An official in the YPG-dominated Syrian Democratic Forces confirmed to Al-Monitor that all US forces will evacuate their base in Kobani by Nov. 19. The pullout is fanning fears that Turkey will target Kobani next.

Meanwhile, a former British army intelligence officer widely hailed as a hero for humanitarian work in Syria and maligned by Russia for “aiding terrorists” was found dead in Istanbul today.

James Le Mesurier was a co-founder of the White Helmets, the civil defense group formed by volunteers who have rescued tens of thousands of civilians caught up in Syrian army attacks on opposition-held territory since 2014. The group continues its work in Idlib. He also ran Mayday Rescue, a globally funded outfit that helped train White Helmet volunteers.

Turkish authorities have launched what the Istanbul governor’s office called “a comprehensive investigation” into the death of Le Mesurier, whose body was discovered at about 4:30 a.m. local time outside his office in the port district of Karakoy in the heart of Istanbul’s European side.

Turkey’s Ihlas news agency shared video of Mesurier’s lifeless corpse on the ground. He was wearing a white shirt and trousers with a red belt. His wife, who learned of his death only after police woke her up, reportedly told them that her husband had been suffering from depression and had been using sleeping pills. Le Measurier is believed to have fallen to his death from the office balcony.

Police sources cited in the Turkish media said there was no evidence that anyone other than the couple had entered the office, which can only be accessed by a fingerprint scan.

But speculation of foul play inevitably surfaced together with news of Le Mesurier’s death.

Russian Foreign Ministry spokesperson Maria Zakharova had as recently as Nov 8. claimed that he “is a former agent of Britain’s M16, who has been spotted all around the world, including the Balkans and the Middle East. His connections to terrorist groups were reported during his mission in Kosovo.”

Le Mesurier became a target of Russian and Syrian government disinformation campaigns for documenting and publicizing attacks — including barrel bomb and chemical attacks against opposition-held areas, affecting thousands of civilians.

Elizabeth Tsurkov is a fellow at the Philadelphia-based Foreign Policy Research Institute who covers Syria. She told Al-Monitor, “James was an individual committed to saving as many Syrians as possible at a time when most countries did nothing to help them. The White Helmets was responsible for saving thousands of lives and Mayday was its main supporter.”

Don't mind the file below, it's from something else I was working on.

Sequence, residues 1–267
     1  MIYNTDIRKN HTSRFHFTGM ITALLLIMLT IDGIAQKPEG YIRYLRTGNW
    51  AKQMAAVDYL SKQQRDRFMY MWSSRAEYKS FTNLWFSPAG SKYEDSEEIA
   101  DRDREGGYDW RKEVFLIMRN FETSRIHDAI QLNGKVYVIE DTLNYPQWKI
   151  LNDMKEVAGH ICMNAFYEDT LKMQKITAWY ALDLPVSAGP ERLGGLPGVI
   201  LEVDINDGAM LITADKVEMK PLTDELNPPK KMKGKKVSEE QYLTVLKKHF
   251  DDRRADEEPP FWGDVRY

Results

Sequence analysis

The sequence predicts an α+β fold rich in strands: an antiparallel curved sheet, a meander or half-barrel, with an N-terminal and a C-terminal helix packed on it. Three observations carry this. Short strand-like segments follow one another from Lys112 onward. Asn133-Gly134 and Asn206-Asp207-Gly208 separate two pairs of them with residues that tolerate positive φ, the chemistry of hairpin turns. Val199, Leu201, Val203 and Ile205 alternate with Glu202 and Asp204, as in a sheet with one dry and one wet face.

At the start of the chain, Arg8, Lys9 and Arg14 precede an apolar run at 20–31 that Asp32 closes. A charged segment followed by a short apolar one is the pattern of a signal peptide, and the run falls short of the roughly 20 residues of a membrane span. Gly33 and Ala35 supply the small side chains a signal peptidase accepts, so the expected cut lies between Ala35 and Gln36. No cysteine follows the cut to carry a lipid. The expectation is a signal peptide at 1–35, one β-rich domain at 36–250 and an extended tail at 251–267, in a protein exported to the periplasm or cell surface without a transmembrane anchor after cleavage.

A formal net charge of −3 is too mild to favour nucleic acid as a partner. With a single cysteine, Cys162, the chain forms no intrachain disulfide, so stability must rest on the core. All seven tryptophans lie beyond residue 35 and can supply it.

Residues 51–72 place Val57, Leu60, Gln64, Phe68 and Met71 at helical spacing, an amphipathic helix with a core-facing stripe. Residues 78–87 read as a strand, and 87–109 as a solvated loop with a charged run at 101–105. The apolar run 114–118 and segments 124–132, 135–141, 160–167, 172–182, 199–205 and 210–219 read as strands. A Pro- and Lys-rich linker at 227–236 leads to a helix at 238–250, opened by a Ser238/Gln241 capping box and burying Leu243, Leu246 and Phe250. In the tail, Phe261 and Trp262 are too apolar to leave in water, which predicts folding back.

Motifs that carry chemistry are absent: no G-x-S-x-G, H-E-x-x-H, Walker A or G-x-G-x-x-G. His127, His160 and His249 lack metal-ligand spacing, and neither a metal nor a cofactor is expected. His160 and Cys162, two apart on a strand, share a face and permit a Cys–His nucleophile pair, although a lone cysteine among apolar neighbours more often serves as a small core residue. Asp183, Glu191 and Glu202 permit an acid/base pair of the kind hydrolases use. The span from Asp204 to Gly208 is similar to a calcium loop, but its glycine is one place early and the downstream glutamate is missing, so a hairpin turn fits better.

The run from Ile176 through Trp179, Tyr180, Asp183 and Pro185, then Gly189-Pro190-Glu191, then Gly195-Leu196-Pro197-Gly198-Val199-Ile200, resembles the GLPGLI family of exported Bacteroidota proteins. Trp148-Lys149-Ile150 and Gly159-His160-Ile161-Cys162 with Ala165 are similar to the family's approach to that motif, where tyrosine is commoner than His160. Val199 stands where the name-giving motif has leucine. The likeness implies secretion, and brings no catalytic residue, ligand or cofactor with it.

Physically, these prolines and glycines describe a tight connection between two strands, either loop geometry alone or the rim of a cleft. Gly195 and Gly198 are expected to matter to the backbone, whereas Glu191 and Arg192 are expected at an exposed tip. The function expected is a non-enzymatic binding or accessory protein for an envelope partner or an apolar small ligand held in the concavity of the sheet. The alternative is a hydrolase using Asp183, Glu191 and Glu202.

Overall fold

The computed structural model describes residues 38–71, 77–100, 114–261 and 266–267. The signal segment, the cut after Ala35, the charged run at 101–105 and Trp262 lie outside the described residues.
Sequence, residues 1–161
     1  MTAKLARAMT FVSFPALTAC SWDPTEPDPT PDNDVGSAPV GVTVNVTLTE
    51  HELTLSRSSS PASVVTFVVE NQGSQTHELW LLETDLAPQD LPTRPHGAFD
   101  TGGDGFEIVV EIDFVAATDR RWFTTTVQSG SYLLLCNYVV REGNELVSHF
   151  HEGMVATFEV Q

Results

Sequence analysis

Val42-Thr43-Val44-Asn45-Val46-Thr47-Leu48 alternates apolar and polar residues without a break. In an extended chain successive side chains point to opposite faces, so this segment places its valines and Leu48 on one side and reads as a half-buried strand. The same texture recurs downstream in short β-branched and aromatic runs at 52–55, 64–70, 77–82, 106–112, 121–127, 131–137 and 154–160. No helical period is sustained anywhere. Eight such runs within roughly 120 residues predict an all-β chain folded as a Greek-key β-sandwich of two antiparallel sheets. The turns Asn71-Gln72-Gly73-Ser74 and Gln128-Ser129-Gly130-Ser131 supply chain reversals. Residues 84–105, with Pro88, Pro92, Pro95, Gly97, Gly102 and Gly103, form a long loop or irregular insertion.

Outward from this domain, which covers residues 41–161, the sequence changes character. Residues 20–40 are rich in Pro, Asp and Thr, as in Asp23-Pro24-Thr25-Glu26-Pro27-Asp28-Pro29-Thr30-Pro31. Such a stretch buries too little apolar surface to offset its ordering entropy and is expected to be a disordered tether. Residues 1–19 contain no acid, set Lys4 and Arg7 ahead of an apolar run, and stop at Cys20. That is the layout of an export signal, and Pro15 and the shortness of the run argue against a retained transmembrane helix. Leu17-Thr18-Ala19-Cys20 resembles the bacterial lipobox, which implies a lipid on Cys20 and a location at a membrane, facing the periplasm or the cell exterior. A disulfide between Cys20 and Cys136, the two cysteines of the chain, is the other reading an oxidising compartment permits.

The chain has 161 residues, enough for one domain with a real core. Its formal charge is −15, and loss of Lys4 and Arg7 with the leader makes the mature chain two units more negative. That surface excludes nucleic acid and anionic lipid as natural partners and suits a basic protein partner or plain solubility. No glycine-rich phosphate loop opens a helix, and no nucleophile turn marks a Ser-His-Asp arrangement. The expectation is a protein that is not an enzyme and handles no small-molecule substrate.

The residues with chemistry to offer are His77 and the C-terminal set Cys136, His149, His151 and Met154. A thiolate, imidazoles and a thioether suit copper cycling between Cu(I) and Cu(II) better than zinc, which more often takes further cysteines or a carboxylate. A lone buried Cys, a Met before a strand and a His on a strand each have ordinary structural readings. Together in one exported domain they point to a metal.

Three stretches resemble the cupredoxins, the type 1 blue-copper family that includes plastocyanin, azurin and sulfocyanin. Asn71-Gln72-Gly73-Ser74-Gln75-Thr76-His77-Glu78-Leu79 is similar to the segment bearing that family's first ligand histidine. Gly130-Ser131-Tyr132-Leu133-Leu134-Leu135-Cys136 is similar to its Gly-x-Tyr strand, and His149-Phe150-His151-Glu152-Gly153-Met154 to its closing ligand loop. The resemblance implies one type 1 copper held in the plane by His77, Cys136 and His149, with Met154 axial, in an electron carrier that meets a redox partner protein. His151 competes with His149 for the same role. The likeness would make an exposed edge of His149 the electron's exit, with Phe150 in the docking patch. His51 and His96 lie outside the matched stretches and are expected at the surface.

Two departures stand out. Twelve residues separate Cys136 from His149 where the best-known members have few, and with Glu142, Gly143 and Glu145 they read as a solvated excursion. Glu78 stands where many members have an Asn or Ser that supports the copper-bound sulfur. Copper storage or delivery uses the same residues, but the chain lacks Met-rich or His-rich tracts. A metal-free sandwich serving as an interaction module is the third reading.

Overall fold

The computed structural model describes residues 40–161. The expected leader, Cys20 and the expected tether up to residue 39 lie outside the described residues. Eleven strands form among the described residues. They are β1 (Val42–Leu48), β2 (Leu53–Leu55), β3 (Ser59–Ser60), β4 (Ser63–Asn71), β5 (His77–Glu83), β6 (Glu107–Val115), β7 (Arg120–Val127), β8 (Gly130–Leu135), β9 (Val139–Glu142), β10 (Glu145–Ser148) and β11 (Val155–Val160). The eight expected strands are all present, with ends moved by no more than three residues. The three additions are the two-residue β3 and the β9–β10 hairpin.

She continued, “He was a deeply decent and courageous man who withstood years of Russian-led propaganda against him and the White Helmets. It's because they document war crimes that Russia carries out in Syria and their aftermath such as bombing of hospitals schools and killing civilians. Despite this misinformation, James and Mayday and the White Helmets continued their work. His death is a terrible loss for humanity.”

Join hundreds of Middle East professionals with Al-Monitor PRO.

Business and policy professionals use PRO to monitor the regional economy and improve their reports, memos and presentations. Try it for free and cancel anytime.


The Middle East's Best Newsletters

Join over 50,000 readers who access our journalists dedicated newsletters, covering the top political, security, business and tech issues across the region each week.
Delivered straight to your inbox.


What's included:
Our Expertise

Free newsletters available:

  • The Takeaway & Week in Review
  • Middle East Minute (AM)
  • Daily Briefing (PM)
  • Business & Tech Briefing
  • Security Briefing
  • Gulf Briefing
  • Israel Briefing
  • Palestine Briefing
  • Turkey Briefing
  • Iraq Briefing

Premium Membership

Join the Middle East's most notable experts for premium memos, trend reports, live video Q&A, and intimate in-person events, each detailing exclusive insights on business and geopolitical trends shaping the region.

$25.00 / month
billed annually

Become Member Start with 1-week free trial

We also offer team plans. Please send an email to and we'll onboard your team.

What's included:
Our Expertise AI-driven

Memos - premium analytical writing: actionable insights on markets and geopolitics.

Live Video Q&A - Hear from our top journalists and regional experts.

Special Events - Intimate in-person events with business & political VIPs.

Trend Reports - Deep dive analysis on market updates.

All premium Industry Newsletters - Monitor the Middle East's most important industries. Prioritize your target industries for weekly review:

  • Capital Markets & Private Equity
  • Venture Capital & Startups
  • Green Energy
  • Supply Chain
  • Sustainable Development
  • Leading Edge Technology
  • Oil & Gas
  • Real Estate & Construction
  • Banking

Already a Member? Sign in

Start your PRO membership today.

Join the Middle East's top business and policy professionals to access exclusive PRO insights today.

Join Al-Monitor PRO Start with 1-week free trial